Browsing articles in "Tutorial"
Jan
6
2014
Dual Internet connections in active/standby mode without BGP
Dual-Internet-connection-in-active-standby-mode-without-BGP-1

Suppose that your company has two independent Internet connections: the first used as main link and the second used ONLY in case of main connection fault. What can we do to avoid a ‘manual’ switch of routing and NAT tables? In general, in this case, the best solution is to use the BGP protocol with bofh providers, but this solution can be very expensive, so are there other ways to implement this process? In my opinion, one of the best solutions is to use IPSLA, PBR and the EEM features togheter, but what are these features? See you below each […]

Dec
19
2013
Show interface in depth
Show-interface-in-depth

In my opinion, a good network engineer must know the “show interface” in depth; indeed, this command is useful to obtain various interface information like drop, duplex mismatch, error, tx/rx load, … Usually, the IOS switch/router have similar “show interface” output; the differences are dictated by devices, interface and IOS. Below a show interface of a TenGigabitEthernet interface. The show is issued on a Cisco WS-C6509-E in VSS Mode with IOS version 15.

Aug
22
2013
How to save configurations using SNMP
How-to-save-the-running-configuration-using-SNMP

Everyone knows there are software to get the configuration using SNMP; but how can you copy the configuration if you don’t have any tool? Let me explain what is SNMP before show you how to implement it. Simple Network Management Protocol (SNMP) is an “Internet-standard protocol for managing devices on IP networks”. Devices that typically support SNMP include routers, switches, servers, workstations, printers, modem racks, and more. It is used mostly in network management systems to monitor network-attached devices for conditions that warrant administrative attention. SNMP uses an extensible design, where the available information is defined by management information bases (MIBs). MIBs describe the […]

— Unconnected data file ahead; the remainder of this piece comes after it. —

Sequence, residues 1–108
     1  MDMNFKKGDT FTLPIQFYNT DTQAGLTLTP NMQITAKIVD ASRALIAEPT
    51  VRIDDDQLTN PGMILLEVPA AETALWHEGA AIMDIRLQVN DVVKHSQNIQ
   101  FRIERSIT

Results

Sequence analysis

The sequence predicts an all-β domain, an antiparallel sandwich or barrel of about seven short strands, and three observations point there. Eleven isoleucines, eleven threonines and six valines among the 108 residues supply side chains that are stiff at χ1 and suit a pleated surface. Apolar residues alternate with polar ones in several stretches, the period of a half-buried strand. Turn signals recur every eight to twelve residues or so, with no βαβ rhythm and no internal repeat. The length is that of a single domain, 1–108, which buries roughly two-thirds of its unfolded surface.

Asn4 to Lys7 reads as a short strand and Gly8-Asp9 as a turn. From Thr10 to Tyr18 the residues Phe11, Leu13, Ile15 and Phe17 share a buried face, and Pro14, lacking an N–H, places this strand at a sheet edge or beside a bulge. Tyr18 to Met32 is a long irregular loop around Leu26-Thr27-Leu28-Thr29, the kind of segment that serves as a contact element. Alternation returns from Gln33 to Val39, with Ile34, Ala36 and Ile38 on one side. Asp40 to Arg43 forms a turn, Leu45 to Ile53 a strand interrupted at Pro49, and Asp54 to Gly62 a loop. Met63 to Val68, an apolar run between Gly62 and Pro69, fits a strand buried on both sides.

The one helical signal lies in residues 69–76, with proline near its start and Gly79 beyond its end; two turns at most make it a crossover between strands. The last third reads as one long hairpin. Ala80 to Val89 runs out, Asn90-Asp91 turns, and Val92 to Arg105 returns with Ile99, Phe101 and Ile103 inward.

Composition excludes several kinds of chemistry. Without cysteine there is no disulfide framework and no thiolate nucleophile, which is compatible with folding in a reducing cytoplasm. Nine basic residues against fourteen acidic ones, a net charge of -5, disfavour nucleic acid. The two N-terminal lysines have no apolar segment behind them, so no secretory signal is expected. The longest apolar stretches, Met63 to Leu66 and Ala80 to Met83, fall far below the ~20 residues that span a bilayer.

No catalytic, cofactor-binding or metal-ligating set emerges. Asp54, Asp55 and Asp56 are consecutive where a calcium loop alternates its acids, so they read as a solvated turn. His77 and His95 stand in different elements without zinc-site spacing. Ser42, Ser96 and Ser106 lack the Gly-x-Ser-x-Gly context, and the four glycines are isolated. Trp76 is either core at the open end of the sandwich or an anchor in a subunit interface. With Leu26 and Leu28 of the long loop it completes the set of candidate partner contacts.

May
14
2013
Reload in X? Why don’t you rollback or replace the configuration?
PBR-Route-a-packet-based-on-source-IP-address

Do you remember the article ‘How to schedule a reload‘? This feature (reload in ‘x’) is useful when you must apply a critical configuration on a remote device, for instance new route or new acl. In fact, if you happen to lose connection to device after a change, you must wait the device reload to reconnect to it. This can be a solution but there is a better solution: the replace/roolback feature. Introduced in 12.3(7)T IOS, the Configuration Replace and Configuration Rollback features provide the capability to replace the current running configuration with any saved Cisco IOS configuration file. This […]

May
8
2013
Using IP SLA to change routing
Using-IP-SLA-to-change-routing

Cisco IP SLAs is a part of Cisco IOS that allows Cisco customers to analyze IP service levels for IP applications and services by using active traffic monitoring for measuring network performance. With Cisco IOS IP SLAs, service provider customers can measure and provide service level agreements, and enterprise customers can verify service levels, verify outsourced service level agreements, and understand network performance. Cisco IOS IP SLAs can perform network assessments, verify quality of service (QoS), ease the deployment of new services, and assist with network troubleshooting. IP SLAs collects a unique subset of these performance metrics: Delay (both round-trip […]